I fucking love Shriekmaw. This elemental with bad breath was my MVP at last Tuesday night’s Modern tournament, which packed our LGS to the teeth once again. It might simply be due to Modern PTQ season, but I like to think that the popularity of the Modern format is skyrocketing. There’s also the GP happening in Worcester next weekend, and the local community is readying itself. Whatever the case may be, Tuesday night has become my battleground for casting my Shriekmaw.

I love everything this card does for me and my Birthing Pod deck. All night I was ripping him off the top of my library, podding for him, evoking him, casting Eternal Witness and targeting him. Just grinding Shriekmaw value to a pulp. Hell, I might upgrade my ‘maw to foil after this week’s performance. I like to have exactly one foil card in every deck I play, and have yet to foil any card in my Modern deck. But my shenanigans of late have spoken to me! FOIL THY SHRIEKMAW! FOIL HIM!

You see, this card is the perfect pet Magic card for an old-school vet like me, combining the classic instant Terror with a modern Magic mechanic, evoke, resulting in a three-power evasive creature as your Terror-on-a-stick! If you played the game back in the day, you know how good it feels to terror your opponent’s dragon or angel. And with modern Magic being so creature-centric, with most abilities now on a stick, that means there are so many delicious targets for my maw! Tarmogoyf, get in the coffin! Restoration Angel, get in your coffin! Just call me the coffin-maker:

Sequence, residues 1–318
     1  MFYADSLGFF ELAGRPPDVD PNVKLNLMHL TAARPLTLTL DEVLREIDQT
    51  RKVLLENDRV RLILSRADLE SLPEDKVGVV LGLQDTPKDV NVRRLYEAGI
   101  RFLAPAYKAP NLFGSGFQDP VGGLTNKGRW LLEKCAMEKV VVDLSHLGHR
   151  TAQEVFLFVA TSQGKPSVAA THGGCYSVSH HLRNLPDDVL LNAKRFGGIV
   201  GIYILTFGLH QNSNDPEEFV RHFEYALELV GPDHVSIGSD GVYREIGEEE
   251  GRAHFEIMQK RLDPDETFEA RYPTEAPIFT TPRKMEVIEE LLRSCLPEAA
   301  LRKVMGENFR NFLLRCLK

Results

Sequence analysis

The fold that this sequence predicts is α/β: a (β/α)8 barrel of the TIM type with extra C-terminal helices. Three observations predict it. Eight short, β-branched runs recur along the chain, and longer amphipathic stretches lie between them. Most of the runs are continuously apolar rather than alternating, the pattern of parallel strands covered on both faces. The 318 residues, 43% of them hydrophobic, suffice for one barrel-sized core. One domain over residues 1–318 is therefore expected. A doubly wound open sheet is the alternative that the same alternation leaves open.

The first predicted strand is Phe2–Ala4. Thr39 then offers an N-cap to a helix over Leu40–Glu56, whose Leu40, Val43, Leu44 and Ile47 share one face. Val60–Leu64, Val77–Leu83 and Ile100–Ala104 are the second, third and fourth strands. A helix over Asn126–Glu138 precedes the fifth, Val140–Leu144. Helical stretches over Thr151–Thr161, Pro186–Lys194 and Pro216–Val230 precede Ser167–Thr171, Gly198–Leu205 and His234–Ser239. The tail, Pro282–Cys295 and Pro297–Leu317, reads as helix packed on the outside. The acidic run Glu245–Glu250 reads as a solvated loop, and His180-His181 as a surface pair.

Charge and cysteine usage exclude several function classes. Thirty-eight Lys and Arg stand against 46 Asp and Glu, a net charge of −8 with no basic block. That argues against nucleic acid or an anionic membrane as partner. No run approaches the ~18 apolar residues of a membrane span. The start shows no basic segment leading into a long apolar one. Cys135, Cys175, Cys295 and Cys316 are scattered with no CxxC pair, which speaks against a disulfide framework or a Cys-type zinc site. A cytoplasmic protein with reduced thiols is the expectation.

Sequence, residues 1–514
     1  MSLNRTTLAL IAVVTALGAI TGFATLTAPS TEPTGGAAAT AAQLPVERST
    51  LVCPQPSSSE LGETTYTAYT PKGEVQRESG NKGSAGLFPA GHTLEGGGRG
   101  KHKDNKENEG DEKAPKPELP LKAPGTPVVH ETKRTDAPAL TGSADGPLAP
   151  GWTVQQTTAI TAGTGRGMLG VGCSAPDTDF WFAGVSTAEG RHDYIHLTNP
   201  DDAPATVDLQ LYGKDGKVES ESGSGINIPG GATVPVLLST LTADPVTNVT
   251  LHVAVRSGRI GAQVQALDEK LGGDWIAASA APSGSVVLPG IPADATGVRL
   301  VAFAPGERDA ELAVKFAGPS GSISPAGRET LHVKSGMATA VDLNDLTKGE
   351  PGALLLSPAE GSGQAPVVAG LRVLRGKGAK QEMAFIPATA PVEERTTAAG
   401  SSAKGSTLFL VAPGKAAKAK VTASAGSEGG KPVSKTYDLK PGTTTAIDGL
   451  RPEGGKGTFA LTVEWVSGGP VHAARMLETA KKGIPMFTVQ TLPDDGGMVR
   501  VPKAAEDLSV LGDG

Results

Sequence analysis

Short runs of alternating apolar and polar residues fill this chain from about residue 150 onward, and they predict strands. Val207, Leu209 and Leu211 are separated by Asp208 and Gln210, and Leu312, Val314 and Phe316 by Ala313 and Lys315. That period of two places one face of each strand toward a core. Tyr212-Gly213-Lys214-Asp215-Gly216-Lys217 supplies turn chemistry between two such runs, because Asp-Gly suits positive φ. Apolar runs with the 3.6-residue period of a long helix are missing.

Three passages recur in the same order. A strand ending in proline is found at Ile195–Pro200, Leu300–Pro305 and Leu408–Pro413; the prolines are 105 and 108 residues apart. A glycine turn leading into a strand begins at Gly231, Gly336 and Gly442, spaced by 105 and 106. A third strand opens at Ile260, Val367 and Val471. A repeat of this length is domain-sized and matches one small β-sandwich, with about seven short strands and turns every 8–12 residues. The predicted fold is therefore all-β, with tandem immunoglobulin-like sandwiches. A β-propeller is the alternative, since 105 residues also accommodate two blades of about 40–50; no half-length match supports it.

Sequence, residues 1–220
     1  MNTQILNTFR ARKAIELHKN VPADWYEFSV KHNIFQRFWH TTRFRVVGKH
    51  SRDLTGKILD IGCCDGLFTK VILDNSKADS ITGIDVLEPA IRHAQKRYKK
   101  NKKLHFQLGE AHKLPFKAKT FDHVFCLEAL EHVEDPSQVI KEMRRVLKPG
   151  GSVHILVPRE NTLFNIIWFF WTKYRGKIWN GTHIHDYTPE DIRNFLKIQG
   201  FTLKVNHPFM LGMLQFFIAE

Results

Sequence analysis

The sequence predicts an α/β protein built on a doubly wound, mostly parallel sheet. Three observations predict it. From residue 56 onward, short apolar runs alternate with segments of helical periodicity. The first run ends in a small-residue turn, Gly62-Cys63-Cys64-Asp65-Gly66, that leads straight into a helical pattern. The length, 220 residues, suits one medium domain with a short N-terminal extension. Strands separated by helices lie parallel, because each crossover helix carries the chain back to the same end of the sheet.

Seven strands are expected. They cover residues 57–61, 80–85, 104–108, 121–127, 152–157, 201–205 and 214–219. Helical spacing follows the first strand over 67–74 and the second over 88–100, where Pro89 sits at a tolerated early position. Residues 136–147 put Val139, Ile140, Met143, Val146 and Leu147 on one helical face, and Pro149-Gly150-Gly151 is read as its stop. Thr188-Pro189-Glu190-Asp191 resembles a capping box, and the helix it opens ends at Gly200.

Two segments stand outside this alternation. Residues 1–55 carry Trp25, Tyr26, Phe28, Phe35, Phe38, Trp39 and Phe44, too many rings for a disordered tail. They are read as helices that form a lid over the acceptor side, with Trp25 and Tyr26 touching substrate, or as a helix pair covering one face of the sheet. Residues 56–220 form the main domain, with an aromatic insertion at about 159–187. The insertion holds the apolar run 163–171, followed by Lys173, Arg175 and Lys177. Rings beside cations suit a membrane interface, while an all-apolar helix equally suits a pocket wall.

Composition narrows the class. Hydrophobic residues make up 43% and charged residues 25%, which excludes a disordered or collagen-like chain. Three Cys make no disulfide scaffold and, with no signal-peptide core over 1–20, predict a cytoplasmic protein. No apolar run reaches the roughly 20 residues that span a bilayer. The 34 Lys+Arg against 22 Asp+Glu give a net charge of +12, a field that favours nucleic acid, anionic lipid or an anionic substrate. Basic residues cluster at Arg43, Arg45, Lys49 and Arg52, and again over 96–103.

My maw also has some incidental advantages in the Modern format. Maw avoids Abrupt Decay, can close out games with its fear-based evasion, and its evoke ability can catch even competent players off guard. Shriekmaw is a solid draw at any moment in a game of Magic. It’s a great silver bullet, one I had wondered why it wasn’t Nekrataal until I got to know modern Magic. Within the context of the Birthing Pod toolbox, reminiscient of the old Living Death deck, good old maw has become one of my absolute favorite cards.

Needless to say, I had an excellent night playing Modern last Tuesday. It was the kind of performance I needed to reinvigorate my wavering confidence with the deck. Last time I spoke of Modern I talked about making some changes to my list. Here’s where I stood last Tuesday, and where I will likely stabilize with going into the next LGS tournament: